E.g., the apocryphal Fayyum Gospel (P.Vindob. G. 2325) dating from the third cen-
tury where the red ink was used for the abbreviation for . See C.H. Roberts,
Manuscript, Society and Belief in Early Christian Egypt (London: Oxford University Press,
1979), 17 n. 7
non-matching parenthesis
The fth/sixth century Vienna Genesis (Theol. Gr. 31) is dyed purple and contains 48
miniatures illustrating the content of the text (which was written in silver). Some books
simply had the initial letters enlarged and decorated with a variety of colors; e.g., fourth
century Codex Vaticanus was given large and colorful (blue) initial letters by a later scribe;
the rst three lines of Deuteronomy, and the title and rst two lines of Joshua were written
in red ink in the fth century Washington (W) manuscript; and codex Bezae used red ink
for the rst three lines of each book. The apocryphal gospel P.Oxy. 840 also used red ink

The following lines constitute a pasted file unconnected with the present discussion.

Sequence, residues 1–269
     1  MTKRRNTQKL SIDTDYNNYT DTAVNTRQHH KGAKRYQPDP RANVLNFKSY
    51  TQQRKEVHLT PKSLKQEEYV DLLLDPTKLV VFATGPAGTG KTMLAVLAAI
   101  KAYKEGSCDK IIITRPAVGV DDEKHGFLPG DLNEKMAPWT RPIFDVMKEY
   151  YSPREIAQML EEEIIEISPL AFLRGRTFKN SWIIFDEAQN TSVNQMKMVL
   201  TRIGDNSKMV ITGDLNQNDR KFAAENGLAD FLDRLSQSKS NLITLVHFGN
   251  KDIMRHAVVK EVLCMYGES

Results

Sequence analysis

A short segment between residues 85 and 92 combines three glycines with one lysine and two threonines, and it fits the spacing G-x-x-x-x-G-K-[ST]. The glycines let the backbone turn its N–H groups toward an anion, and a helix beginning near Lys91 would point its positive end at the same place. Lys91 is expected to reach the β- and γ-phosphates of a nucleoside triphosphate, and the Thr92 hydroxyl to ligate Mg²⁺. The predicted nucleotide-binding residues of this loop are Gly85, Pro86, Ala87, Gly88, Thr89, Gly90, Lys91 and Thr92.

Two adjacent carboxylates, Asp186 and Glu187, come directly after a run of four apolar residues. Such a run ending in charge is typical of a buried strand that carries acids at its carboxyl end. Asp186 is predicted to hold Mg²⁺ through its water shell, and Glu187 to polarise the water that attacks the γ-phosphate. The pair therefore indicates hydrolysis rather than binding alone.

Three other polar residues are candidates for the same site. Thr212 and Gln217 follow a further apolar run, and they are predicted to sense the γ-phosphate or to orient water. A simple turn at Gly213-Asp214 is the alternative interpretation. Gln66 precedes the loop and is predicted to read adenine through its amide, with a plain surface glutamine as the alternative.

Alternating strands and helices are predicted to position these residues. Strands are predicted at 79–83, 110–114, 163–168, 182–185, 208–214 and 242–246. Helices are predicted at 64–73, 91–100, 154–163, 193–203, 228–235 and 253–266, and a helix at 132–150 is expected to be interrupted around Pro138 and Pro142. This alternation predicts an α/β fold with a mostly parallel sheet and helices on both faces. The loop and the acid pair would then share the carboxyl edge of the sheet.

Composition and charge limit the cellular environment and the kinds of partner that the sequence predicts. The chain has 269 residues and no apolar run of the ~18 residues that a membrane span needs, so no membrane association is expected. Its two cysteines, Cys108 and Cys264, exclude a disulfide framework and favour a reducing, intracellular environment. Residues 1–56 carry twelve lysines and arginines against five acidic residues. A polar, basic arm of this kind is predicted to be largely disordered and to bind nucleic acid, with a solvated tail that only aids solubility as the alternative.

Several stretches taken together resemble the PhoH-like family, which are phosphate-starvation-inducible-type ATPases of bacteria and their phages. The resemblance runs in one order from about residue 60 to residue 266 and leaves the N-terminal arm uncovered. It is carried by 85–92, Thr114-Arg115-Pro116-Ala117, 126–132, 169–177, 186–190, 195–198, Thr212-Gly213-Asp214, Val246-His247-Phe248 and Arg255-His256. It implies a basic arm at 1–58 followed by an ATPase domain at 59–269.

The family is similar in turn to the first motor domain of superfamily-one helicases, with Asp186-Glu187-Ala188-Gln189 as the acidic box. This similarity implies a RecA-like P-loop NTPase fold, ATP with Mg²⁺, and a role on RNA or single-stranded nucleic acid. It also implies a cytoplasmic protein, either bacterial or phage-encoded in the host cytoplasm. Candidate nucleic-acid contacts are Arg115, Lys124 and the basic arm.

to mark punctuation, nomina sacra, and to outline enlarged letters (Kruger, The Gospel
of the Savior, 4849). Red ink was also a popular color for early Egyptian Demotic papyri
and was frequently used to mark chapter or section headings (e.g., P.Lond.demot. 10070;
P.Brit.Mus. inv. 10588; P.Louvre E3229). For discussion, see Janet H. Johnson, Introduction
to the Demotic Magical Papyri, in Hans Dieter Betz (ed.), The Greek Magical Papyri in
Translation (Chicago: University of Chicago Press, 1986), lvlviii, and Georges Posener, Sur
l emploi de l encre rouge dans les manuscrits gyptiens, JEA 37 (1951): 7580.
xxiscnii+s, scninis, xi noox inoiic+iox a
1.3. Size
Although Christian codices were produced in a wide range of sizeswith
heights ranging from 41 to 2.9cm.the average height of codices in the
secondandthirdcenturies exceeded20cm.
This range is borne out insome
of our most signicant New Testament manuscripts, P
), andP

(1326cm.). The widthof codices alsovariedover

a wide range, but papyrus codices tended to be more narrow in width than
their parchment counterparts, with the height often being twice the width
(as can be seen in P
and P P

just mentioned above).

In contrast to the
common oblong shape of papyrus codices, parchment codices had a more
equal height and width, creating a more square shape.
The more narrow
format of the papyrus codex is possibly due to the fact that the sheets of the
codex were typically cut from a manufactured roll of papyrus.
The height
of the codex was determined by the height of the roll,
but the width of